Changing topics- I think the disconcert with ‘lesbian’ comes from the Foucault/ Trumbach tradition of the ‘invention’ of modern sexual categories (straight as well as gay) in the 18thC, and a concern that such categories cannot be transferred backwards (unlike other categories which might have changed in meaning but were not ‘invented’). AND the political significance for the gay rights movement on this ‘invention’- in that it was used to challenge the idea that homosexuality has always been wrong/ taboo. Now, not everybody thinks Foucault/ Trumbach are right on the ‘invention’ idea, so such people may well argue there are lesbians in the past in a modernish sense (if not holding quite the same connotations, i.e. like there were women in the past and present). But, I think for Bennett, it’s about women-centred communities, which revolve around women and their intimate lives (and so asks us to think about women in relation to other women), rather than a world where their lives were defined by their relationships to men (and to some extent ‘patriarchy’ as performed in worlds where men dominated). What is perhaps most (or perhaps not at all surprising) is the resistance we have to the idea of female-centred communities in the past (perhaps apart from nuns, who are nicely locked away). Tis all about the men.


  21. Feminist Avatar: I think you’re right about the Foucaultian “invention” of modern sexualities, but I don’t think many of the people who object to “lesbian” nuns are Foucaultians at all! (My field is not known for its theoretical chops, IOW.) I really like Ruth Mazo Karras’s article in the Journal of Women’s History in 1999, “Prostitution as Sexual Identity in Medieval Europe,” in which she challenges the idea that there’s no such thing as sexual identities before 1700. It’s a very smart critique of the Foucault pronouncement, and an invitation for people working in earlier periods to think about the history of sexuality in their eras.

    And, like Digger, I was ROTFLMAO with Rustonite’s “We’re modern now, put on pants!” formulation. I will totes steal that for teaching.

    Thanks for all of your comments–unfortunately, I won’t be talking about lesbian Ursulines in the paper I’m giving, and the paper I will give is not nearly so interesting or daring as all that! The panel is about Native women’s history, and I’m talking about women’s leadership in the creation of Native Catholic communities, and many of my fellow panelists were pioneers in making these arguments.


  22. Ok, I have to pop in to say that Foucault doesn’t say that there is no such thing as sexual identity before 1700. What he says is that our modern idea of “sexuality” doesn’t exist. For Foucault, the notion that a sexuality is something we have has to do with the emergence of modern subjectivity, and it is linked to what he calls a scientia sexualis, or “science of sexuality” in which our sexuality is something that is “diagnosed” through medical (and medicalizing) discourses. Prior to the 18th c., sexual identity was organized, for Foucault, around the discourses of ars erotica, or the art of eros (think things like the kama sutra) and rather than “diagnosing” a sexuality that is essential to a person, Foucault says, the discourse of sexual identity was one of being “educated” into a sexual identity, with a master who instructs the acolyte in the “arts” of sex. (Foucault does only talk about this on like 3 pages of the History of Sexuality v. I, but it is there.)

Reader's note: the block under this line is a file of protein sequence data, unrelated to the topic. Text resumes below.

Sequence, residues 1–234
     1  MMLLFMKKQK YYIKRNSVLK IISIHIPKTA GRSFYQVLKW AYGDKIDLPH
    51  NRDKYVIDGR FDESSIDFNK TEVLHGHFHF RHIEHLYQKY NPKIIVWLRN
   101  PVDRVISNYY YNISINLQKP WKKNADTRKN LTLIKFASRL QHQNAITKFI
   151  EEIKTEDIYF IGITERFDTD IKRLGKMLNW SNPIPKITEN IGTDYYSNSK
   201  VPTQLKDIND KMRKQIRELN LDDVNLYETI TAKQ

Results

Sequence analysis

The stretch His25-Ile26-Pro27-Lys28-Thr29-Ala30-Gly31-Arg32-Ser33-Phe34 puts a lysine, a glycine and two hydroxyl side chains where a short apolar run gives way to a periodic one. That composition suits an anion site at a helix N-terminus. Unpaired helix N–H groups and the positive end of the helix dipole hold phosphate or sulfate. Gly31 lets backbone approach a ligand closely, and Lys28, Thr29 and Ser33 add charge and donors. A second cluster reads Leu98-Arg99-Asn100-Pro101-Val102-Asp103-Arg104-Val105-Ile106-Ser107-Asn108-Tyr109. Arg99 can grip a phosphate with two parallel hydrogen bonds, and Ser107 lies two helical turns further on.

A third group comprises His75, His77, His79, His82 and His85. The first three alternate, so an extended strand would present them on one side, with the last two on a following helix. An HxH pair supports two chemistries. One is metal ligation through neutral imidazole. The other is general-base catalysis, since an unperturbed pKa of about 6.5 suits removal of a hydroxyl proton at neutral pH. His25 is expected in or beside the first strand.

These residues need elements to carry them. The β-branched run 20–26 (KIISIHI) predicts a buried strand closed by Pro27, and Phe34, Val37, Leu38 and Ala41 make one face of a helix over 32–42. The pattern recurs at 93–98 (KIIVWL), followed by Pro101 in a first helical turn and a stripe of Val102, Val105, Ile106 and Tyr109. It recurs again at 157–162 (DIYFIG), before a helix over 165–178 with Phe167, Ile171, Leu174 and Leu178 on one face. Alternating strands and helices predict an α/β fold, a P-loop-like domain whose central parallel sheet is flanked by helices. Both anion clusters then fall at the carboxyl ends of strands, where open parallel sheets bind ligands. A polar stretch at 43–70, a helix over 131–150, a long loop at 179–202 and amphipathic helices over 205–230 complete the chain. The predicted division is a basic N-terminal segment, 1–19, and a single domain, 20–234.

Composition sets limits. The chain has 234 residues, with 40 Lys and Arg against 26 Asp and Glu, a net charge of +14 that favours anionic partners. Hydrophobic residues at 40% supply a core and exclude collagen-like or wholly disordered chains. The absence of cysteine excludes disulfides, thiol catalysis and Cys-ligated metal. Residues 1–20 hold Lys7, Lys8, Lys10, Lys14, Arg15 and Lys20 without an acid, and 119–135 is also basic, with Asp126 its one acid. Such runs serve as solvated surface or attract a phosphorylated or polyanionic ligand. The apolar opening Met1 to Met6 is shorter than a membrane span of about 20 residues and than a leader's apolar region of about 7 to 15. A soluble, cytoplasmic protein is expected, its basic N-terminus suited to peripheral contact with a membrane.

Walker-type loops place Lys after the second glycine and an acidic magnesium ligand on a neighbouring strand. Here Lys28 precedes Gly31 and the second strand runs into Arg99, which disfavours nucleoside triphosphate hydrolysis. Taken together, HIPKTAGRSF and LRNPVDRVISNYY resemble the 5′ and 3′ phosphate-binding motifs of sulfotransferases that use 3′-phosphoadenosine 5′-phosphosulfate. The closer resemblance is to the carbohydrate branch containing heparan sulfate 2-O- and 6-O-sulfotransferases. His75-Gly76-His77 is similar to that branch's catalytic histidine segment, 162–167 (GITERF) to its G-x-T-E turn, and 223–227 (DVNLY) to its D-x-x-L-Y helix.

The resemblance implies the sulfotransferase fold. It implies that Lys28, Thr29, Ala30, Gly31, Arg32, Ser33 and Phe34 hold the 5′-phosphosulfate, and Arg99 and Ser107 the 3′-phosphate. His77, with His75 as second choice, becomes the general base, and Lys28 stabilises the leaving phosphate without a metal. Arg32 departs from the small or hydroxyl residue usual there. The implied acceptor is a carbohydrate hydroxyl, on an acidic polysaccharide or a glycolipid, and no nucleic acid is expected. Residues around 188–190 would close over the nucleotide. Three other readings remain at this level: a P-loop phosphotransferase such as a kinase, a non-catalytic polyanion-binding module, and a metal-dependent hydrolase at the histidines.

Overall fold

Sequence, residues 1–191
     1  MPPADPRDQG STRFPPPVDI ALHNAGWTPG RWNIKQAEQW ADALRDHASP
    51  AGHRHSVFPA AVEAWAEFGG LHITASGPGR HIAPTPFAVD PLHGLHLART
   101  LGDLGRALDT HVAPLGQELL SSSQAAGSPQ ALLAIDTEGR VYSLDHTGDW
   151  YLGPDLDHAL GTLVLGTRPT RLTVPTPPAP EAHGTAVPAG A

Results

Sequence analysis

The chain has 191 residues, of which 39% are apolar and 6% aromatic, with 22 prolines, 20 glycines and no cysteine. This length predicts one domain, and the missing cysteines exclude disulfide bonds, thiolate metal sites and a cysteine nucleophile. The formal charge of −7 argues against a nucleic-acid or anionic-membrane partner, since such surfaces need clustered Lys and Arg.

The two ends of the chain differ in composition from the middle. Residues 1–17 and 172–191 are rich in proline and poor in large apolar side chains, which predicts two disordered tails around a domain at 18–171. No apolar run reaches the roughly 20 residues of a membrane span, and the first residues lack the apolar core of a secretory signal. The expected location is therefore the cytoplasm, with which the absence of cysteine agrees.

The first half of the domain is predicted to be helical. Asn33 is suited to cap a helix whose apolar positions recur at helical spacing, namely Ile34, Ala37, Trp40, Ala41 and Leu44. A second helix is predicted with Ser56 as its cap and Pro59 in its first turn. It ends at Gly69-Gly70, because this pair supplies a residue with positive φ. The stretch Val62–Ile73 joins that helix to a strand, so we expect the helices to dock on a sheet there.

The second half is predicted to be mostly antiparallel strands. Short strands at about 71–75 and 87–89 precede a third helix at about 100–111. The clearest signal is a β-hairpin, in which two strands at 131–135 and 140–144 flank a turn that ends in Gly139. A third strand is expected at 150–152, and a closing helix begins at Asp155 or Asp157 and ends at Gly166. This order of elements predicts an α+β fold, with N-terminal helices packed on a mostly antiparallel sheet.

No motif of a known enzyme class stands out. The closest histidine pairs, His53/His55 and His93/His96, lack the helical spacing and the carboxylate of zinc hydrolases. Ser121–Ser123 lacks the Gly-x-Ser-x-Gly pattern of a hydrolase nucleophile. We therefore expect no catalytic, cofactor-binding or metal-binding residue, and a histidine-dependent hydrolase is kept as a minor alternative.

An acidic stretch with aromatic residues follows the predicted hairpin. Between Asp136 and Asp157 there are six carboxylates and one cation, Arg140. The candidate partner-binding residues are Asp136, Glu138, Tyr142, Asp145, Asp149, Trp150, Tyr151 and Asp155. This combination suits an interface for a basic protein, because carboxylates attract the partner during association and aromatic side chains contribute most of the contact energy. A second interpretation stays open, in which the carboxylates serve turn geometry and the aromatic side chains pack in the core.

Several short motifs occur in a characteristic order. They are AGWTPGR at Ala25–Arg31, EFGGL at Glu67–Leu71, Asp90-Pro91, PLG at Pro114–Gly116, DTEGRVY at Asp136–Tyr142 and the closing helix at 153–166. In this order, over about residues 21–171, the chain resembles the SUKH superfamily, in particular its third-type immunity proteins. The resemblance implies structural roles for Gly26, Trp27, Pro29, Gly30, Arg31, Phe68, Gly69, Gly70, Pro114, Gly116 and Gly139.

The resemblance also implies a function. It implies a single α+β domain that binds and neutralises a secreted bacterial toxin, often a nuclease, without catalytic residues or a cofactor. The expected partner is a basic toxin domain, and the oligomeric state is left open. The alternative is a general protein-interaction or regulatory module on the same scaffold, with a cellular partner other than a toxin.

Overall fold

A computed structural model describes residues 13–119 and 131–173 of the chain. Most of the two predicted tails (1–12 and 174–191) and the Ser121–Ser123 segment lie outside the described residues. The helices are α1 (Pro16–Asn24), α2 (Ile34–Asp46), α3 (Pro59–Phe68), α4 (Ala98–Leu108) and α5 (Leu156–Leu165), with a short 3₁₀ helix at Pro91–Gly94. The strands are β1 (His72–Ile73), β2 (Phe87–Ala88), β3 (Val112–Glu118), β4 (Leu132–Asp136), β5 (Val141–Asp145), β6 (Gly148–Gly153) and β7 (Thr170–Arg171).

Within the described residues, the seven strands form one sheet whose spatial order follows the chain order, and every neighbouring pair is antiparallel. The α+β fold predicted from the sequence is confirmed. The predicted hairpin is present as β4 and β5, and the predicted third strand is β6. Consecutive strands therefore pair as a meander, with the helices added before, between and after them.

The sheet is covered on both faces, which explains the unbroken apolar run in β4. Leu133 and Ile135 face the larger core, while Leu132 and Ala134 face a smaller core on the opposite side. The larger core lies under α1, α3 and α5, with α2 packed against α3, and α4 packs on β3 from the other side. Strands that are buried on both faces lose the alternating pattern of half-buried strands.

Now, whether one agrees with Foucault’s labeling of those discourses or describing of them, it’s important to note that he goes out of his way to critique the idea that anybody “invented” sexuality (or, for that matter, sex). That’s kind of the whole point of his theory of the repressive hypothesis.


  23. I was being a bit reductionist; but a lot of discussion in 18thC history at least is around the idea of the ‘invention’ of ‘modern sexuality’ (not sexuality per se), which is intrinsically tied to modern ideas of gender, a different biological system (a move from the humoral to nervous system of biology); and other categories of identity tied to an innate and individuated selfhood. And people immediately before this change are often seen to be worried less about sexual identities than sexual acts- so sodomy is a sin that can be committed by anybody (or at least any man), but is not an act associated with a particular identity category (gay). Women were viewed to have larger sexual appetites than men, but this was not because they signified as ‘straight’ or whatever (if there is an identity category here, it seems to be gender). And, this distinction between ‘acts’ and ‘identities’ was the line in sexuality studies for a while, and was popularised in the sort of mainstream history of sexuality. And can kind of be seen in how some modern churches cope with homosexuality- it is the act not the identity that is the sin, so its not a sin to be gay, but it is a sin to have same-sex sex.

    Now, identities are coming back into play in early modern history as we worry about whether, for example, people could be sodomites (ie an identity character of a group of ‘deviants’ who commit sodomy, but not necessarily equivalent to modern homosexuality); or in Mazo Karras’ work around the idea that certain women were defined by their sexual behaviour (prostitutes).


  24. I think history might be slightly different from the sciences (but maybe not) in that not all historians believe there was an objective past that can be found, but rather multiple pasts, reflecting the multiple subjectivities within each era.

    Well there is certainly a fact of the matter concerning actual events that did or didn’t occur and actions by individuals that were or were not performed. From a causality standpoint, however, I can see how you might conclude that there is no fact of the matter concerning *why* certain things happened.